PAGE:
Thursday, August 1, 2013
Shaping the UK's Helicopter Force Post-Afghanistan
Air Vice Marshal Carl Dixon shares his thoughts with Rotor & Wing about how the United Kingdom’s Joint Helicopter Command is preparing to conduct contingency operations following the closure of the Afghan campaign.
One of the criticisms of the early years of British military operations in Afghanistan from the summer of 2006 was that there were not enough soldiers – or helicopters – to support the challenge of the mission. Early on, accepted policy in Helmand Province dictated the support of regional seats of government, which effectively tied the British Army into “platoon houses” soon after, which significantly hampered its ability to conduct proactive, deliberate operations.
Although the United States Marine Corps (USMC) first began permanent operations in the spring of 2008, it was not until a year later in 2009 and the arrival of 11,000 Marines that really changed the military balance to allow ISAF forces to fully prosecute deliberate operations on a continual basis.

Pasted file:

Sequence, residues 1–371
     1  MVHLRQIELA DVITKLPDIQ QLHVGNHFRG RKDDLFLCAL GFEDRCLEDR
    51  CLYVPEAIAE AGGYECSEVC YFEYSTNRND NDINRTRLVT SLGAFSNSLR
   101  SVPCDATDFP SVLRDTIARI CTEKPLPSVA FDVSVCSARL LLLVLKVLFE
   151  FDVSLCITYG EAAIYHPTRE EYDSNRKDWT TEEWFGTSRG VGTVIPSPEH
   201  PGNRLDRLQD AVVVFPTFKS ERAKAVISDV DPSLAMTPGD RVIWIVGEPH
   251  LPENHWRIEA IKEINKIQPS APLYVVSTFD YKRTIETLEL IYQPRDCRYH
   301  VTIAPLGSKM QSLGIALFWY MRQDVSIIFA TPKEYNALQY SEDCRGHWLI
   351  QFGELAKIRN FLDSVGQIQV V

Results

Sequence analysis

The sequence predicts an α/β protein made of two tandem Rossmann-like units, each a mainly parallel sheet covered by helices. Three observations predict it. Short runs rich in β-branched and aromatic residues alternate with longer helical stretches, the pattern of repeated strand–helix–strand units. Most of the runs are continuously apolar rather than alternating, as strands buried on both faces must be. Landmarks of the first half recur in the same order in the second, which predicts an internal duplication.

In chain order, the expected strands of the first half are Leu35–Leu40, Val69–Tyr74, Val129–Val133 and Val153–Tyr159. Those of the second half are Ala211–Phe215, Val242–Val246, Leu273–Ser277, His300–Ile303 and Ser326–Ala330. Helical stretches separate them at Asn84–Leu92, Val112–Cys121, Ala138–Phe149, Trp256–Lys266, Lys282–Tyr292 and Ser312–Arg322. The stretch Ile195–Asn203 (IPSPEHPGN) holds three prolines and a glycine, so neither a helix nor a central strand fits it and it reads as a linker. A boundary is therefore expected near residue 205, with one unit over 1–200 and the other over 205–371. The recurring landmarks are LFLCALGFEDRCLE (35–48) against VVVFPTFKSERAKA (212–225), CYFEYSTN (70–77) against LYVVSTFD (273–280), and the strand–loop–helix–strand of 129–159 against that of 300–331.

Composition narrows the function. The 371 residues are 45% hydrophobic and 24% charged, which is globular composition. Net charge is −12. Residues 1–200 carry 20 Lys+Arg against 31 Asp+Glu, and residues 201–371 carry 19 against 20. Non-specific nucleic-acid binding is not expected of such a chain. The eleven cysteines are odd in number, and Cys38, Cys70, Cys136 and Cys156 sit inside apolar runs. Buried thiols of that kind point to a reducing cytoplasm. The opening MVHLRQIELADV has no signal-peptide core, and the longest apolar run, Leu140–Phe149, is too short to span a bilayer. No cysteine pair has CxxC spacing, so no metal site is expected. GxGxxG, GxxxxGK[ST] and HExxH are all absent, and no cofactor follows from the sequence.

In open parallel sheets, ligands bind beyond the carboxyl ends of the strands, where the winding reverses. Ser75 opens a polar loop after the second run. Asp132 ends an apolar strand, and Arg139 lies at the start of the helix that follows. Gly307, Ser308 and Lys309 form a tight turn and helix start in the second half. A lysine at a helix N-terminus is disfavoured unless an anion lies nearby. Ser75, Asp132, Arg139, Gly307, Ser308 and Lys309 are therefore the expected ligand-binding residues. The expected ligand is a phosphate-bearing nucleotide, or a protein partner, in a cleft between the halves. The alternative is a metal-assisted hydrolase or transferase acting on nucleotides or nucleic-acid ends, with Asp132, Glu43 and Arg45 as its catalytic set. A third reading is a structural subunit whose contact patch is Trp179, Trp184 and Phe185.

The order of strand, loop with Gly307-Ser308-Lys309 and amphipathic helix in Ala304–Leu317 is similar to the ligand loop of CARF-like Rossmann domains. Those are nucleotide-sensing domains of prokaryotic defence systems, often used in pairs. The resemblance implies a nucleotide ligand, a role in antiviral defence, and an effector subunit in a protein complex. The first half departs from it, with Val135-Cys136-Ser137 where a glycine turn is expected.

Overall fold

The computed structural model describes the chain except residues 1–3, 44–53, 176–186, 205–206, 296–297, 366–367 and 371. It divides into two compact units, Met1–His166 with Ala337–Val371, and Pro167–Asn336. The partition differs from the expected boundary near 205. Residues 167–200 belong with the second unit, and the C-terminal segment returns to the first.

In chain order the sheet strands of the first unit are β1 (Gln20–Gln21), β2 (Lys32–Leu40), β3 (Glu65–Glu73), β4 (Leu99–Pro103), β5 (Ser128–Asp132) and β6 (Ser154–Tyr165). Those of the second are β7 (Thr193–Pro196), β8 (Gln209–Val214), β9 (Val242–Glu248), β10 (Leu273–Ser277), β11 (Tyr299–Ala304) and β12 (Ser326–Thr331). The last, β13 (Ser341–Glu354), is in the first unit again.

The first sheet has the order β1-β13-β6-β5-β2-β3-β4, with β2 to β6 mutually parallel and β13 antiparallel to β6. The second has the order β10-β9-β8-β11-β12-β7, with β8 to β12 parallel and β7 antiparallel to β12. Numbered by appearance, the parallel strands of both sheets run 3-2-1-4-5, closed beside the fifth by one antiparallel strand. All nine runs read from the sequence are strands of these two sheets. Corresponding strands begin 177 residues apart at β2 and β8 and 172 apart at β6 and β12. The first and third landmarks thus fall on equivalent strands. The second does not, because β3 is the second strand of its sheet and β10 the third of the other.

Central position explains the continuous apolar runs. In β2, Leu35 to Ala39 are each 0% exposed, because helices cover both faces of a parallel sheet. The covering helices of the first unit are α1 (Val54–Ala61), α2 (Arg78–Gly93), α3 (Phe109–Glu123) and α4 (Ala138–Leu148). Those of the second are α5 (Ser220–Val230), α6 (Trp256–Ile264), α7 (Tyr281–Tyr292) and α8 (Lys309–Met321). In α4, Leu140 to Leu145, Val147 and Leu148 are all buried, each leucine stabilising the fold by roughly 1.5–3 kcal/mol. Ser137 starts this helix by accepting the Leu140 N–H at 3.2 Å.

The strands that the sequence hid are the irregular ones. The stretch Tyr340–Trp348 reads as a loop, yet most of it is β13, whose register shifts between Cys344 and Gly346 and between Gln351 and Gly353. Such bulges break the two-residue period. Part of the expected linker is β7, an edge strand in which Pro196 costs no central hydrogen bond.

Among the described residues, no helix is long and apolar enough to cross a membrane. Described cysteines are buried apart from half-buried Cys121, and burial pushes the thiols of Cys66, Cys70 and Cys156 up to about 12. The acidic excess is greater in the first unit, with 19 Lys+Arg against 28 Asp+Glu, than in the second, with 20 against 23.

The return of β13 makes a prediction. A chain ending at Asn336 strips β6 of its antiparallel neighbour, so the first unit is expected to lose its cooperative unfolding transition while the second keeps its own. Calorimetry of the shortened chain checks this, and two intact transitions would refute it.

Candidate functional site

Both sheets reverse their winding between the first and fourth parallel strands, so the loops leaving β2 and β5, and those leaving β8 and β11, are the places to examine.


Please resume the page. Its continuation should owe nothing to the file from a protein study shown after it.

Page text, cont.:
Once USMC and the British forces began to work together, through the overarching structure of the International Security Assistance Force (ISAF), the volume of well-equipped soldiers backed by a significantly strengthened rotary force of all types – light, medium and heavy lift, as well as attack helicopters, quickly took the fight back to the insurgents.
|Aircrew of a Griffin helicopter operating out of RAF Shawbury
in Shropshire are pictured during a search and rescue exercise.
One success of that goal has been the increase in the generation of flying hours through “a fundamental improvement in support by industry, derived through the hard-headed, clever writing of contracts which for the first time incentivizes flying, not repair and overhaul.” Praising helicopter OEMs AgustaWestland and Boeing as well as the government’s own procurement and support agency DE&S (Defense Equipment & Support), it is now a case of “the more we fly, the more money is made.” The squadrons over in Afghanistan have felt the effect of this, he added.